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Firefighter exercise

Michael W Schleh, Charles L Dumke
INTRODUCTION: This study compared 2 commercially available beverages, an oral rehydration solution (ORS; 60.9 mM Na+ ; 3.4% carbohydrate) and a sports drink (SDS; 18.4 mM Na+; 5.9% carbohydrate), on hydration and metabolism during submaximal exercise in the heat. METHODS: Ten male subjects completed two 90-min exercise trials (39ºC, 30%) of walking at 50% VO2max followed by a 30-min rest period in the heat while wearing wildland firefighter personal protective clothing...
March 13, 2018: Wilderness & Environmental Medicine
Devin B Phillips, Cameron M Ehnes, Bradley G Welch, Lauren N Lee, Irina Simin, Stewart R Petersen
This study investigated physiological responses and performance during three separate exercise challenges (Parts I, II, and III) with wildland firefighting work clothing ensemble (boots and coveralls) and a 20.4 kg backpack in four conditions: U-EX (no pack, exercise clothing); L-EX (pack, exercise clothing); U-W (no pack, work clothing); and, L-W (pack and work clothing). Part I consisted of randomly-ordered graded exercise tests, on separate days, in U-EX, L-EX and L-W conditions. Part II consisted of randomly-ordered bouts of sub-maximal treadmill exercise in the four conditions...
April 2018: Applied Ergonomics
Paulo Victor R de Carvalho, Angela W Righi, Gilbert J Huber, Caio de F Lemos, Alessandro Jatoba, José Orlando Gomes
Emergency response organizations need to be resilient to cope with escalating events resulting from dynamic, unexpected, or complex situations. In Brazil, the Firefighter Corps are military hierarchal organizations with a culture based on fixed structures, well defined norms and procedures. These push against innovations which are necessary to be resilient. This research describes how firefighter captains in the 30-35-year age range managed an emergency response escalation in light of standard operating procedures (SOPs) during a training exercise...
April 2018: Applied Ergonomics
Catriona A Burdon, Joonhee Park, Kyoko Tagami, Herbert Groeller, John A Sampson
Pacing is critical for athletic endeavours, and the strategies used by athletes are often modified following practice. The importance of practice when completing occupational assessments has been established, however the effect of load carriage and discrete sub-task activities on strategies to modulate physical exertion to complete a work task simulation is currently unknown. Therefore, we sought to investigate the effect of practice on pacing strategies employed to complete a physiological aptitude assessment circuit...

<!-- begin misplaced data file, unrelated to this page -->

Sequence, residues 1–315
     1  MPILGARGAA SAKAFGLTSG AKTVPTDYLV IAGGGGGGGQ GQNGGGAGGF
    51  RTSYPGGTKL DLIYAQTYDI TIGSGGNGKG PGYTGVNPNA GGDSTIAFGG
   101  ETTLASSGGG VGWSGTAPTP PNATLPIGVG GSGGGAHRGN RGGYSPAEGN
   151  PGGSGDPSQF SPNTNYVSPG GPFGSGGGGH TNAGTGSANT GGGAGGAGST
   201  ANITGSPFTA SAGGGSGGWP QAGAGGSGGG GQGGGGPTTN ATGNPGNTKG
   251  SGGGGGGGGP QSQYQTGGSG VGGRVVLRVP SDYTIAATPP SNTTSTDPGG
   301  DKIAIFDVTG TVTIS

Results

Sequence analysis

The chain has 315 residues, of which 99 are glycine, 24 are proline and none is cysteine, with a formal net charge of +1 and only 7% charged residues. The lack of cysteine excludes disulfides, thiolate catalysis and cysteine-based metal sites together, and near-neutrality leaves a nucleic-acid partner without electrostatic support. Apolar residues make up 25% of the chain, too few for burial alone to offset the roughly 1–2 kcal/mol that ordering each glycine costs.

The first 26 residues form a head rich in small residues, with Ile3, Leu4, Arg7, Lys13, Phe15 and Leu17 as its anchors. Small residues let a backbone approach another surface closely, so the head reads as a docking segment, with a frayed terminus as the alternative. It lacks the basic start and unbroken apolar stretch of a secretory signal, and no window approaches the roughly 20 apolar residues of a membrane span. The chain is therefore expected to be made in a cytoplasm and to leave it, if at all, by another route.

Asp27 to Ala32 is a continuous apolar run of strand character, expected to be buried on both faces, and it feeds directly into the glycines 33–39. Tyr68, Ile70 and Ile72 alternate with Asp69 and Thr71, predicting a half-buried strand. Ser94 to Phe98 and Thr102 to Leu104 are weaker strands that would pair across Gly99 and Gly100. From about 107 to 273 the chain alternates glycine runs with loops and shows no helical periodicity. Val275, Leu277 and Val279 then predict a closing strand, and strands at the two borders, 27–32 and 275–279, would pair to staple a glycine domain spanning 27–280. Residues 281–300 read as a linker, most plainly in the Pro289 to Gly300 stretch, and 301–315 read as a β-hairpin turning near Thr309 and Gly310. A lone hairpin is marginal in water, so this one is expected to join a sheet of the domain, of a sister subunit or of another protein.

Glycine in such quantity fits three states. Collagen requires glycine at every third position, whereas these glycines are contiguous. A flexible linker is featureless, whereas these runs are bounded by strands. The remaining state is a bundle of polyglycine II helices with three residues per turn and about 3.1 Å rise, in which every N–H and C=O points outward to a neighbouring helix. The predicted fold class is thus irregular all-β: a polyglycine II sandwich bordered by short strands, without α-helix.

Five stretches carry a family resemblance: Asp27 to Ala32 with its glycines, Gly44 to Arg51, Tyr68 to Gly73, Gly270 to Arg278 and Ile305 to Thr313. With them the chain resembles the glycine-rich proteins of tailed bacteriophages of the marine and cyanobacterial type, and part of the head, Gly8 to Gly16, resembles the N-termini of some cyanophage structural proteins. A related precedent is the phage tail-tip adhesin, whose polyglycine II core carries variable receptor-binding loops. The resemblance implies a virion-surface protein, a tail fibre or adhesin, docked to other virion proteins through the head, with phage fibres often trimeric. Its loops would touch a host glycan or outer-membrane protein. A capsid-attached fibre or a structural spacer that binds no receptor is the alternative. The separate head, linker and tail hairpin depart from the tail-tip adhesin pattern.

December 11, 2017: Journal of Strength and Conditioning Research
Håkan Wingfors, Jenny Rattfelt Nyholm, Roger Magnusson, Cecilia Hammar Wijkmark
Over the past 10 years, a number of safety measures for reducing firefighters' exposure to combustion particles have been introduced in Sweden. The most important measure was the reduction in the time firefighters wear suits and handle contaminated equipment after turn-outs involving smoke diving. This study was divided into two parts, those being to investigate the level of protection obtained by multiple garment layers and to assess exposure during a standardized smoke diving exercise. First, realistic work protection factors (WPFs) were calculated by comparing air concentrations of the full suite of gaseous and particle-bound polycyclic aromatic hydrocarbons (PAHs) inside and outside structural ensembles, including jacket and thick base layer, during a tough fire extinguishing exercise using wood as the fuel...
December 10, 2017: Annals of Work Exposures and Health
Edip Kaya, Hakan Altintas
Introduction Firefighting is an important profession during disasters. Firefighters are on duty for many vital functions, including fire extinguishing, search and rescue work, and evacuation of disaster victims to a safe zone. In case of a disaster situation, it is vital to have willing personnel to work in disasters. In the literature, type of disaster, individual demographic factors, family factors, and workplace factors have been identified as factors that influence health care personnel's willingness to work during a disaster...
February 2018: Prehospital and Disaster Medicine
F Michael Williams-Bell, Brad Aisbett, Bernadette A Murphy, Brianna Larsen
Background: The severity of wildland fires is increasing due to continually hotter and drier summers. Firefighters are required to make life altering decisions on the fireground, which requires analytical thinking, problem solving, and situational awareness. This study aimed to determine the effects of very hot (45°C; HOT) conditions on cognitive function following periods of simulated wildfire suppression work when compared to a temperate environment (18°C; CON). Methods: Ten male volunteer firefighters intermittently performed a simulated fireground task for 3 h in both the CON and HOT environments, with cognitive function tests (paired associates learning and spatial span) assessed at baseline (cog 1) and during the final 20-min of each hour (cog 2, 3, and 4)...